Q: What is one blog that you read religiously – other than your own – and what makes you such a devoted reader? (Please include a link.)
A: I enjoy many blogs, and it is tough to pick just one, but I rarely miss a post from Oh My Dog! It is both informative and entertaining.
Q: What resources do you rely on to enhance your technical, writing, photography, social media, or other skills that improve your blog?
A: I recently acquired a better camera, so my forthcoming posts should have some better photos (but I'm no photographer). Other than that, I take inspiration from others in the pet blogging community but I don't really have a library of resources that I rely on.
Q: What is the best piece of advice you can offer other bloggers?
A: At one point, I put my blog on hold for a month because I was feeling overwhelmed and didn't have time to post multiple times per week (which is what I initially planned). After some time to stand back and think about it, I realized that it was completely do-able, I just had to adjust my goals (and aim for one post per week). So, in summary, don't throw in the towel when things get overwhelming, just readjust your goals.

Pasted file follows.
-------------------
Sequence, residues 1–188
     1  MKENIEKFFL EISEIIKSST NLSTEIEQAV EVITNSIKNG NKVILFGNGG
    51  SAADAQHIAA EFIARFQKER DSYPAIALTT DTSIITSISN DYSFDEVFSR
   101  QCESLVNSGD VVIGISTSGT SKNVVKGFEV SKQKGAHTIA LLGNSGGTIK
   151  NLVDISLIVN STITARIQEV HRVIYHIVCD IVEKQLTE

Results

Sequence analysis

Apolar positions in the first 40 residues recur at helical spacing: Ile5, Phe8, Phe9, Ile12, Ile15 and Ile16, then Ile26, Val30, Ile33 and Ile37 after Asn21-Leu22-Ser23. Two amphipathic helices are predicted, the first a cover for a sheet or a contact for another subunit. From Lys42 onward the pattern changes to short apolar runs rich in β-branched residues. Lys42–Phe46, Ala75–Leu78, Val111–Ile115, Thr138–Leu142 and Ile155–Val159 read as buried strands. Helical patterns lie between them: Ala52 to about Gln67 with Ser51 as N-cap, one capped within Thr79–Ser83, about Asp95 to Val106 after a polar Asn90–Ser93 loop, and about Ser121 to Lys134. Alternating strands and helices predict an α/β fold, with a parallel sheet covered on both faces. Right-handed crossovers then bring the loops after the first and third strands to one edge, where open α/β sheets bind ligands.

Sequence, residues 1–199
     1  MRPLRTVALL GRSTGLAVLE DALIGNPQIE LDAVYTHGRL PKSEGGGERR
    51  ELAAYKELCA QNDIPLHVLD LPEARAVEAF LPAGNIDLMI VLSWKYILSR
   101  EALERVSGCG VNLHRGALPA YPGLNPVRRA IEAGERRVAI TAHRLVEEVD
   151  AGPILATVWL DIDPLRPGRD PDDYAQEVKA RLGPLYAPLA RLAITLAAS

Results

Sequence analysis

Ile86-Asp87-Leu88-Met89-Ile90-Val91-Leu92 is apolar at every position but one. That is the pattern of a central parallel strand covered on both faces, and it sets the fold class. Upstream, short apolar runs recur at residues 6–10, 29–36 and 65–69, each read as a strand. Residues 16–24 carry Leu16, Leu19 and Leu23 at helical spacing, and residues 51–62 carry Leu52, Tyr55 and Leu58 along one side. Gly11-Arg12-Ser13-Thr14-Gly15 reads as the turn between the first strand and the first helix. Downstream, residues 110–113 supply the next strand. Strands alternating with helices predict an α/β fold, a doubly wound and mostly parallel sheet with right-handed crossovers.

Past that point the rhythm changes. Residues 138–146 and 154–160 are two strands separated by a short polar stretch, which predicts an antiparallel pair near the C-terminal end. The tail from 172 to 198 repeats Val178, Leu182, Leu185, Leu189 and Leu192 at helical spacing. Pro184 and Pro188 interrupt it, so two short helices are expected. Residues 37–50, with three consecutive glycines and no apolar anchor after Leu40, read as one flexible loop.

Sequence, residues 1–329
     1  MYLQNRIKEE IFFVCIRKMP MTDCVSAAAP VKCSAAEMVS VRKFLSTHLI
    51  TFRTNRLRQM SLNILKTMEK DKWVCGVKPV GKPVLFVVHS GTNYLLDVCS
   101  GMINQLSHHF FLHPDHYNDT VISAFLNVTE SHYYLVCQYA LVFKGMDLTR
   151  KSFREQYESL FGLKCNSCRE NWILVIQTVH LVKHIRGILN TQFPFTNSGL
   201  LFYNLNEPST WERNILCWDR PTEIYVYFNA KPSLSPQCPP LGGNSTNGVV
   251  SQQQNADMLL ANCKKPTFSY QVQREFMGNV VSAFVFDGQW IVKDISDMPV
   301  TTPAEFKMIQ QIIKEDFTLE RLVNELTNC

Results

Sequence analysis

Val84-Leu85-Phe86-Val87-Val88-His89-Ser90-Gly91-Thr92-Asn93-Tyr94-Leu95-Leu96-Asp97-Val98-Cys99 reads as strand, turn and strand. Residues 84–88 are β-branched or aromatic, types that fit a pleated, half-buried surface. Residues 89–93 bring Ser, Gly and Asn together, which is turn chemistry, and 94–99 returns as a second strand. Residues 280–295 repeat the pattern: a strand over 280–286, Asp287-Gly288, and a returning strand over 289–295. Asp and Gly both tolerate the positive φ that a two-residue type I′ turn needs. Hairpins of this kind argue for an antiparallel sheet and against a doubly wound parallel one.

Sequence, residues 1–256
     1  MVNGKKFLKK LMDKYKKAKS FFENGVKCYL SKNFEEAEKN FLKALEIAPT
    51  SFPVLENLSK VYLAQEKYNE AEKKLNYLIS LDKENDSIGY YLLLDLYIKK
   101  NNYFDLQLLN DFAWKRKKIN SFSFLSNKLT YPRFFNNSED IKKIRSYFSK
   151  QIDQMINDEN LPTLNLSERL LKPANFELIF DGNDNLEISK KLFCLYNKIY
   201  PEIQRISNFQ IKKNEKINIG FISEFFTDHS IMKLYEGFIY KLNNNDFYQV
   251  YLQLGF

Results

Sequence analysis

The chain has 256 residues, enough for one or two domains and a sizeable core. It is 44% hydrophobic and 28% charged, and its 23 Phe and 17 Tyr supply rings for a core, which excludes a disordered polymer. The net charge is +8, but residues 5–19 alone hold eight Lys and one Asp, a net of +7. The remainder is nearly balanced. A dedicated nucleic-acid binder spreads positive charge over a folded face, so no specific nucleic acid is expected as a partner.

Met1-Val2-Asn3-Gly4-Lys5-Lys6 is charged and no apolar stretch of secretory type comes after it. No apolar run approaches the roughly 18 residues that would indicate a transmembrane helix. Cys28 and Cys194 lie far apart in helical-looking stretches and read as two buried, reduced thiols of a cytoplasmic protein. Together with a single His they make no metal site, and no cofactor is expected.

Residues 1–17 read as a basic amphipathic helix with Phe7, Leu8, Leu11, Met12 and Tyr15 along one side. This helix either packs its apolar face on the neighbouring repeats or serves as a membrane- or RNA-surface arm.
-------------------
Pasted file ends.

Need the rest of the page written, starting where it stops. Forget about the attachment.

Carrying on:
Q: What is your vision for your blog in 2016? Do you have specific goals?
A: To continue to write about the two poodles who bring me much joy and to widen my online contacts and friend community.
Q: You have the attention of the pet blogging community – is there one blogging challenge you’d like help with, or one aspect of your blog that you’d like input on? 
A: I use blogger as my blogging format and like to include videos, but it seems as though the video player used on this interface only works from non-apple products. Any advice on a fix for that so that anyone can watch the videos? Thanks in advance!

Monday, January 4, 2016

Four Ways to Improve Trick Training

It's National Train Your Dog month and it's also time for another positive training blog hop! The timing couldn't be better. With the cooler weather of winter, many of us are grasping at straws for ways to have some fun with our pups while remaining cozy near the fire.

When learning new tricks, the poodles and I have a few recommendations of things to keep in mind to maintain a fun and relaxed atmosphere.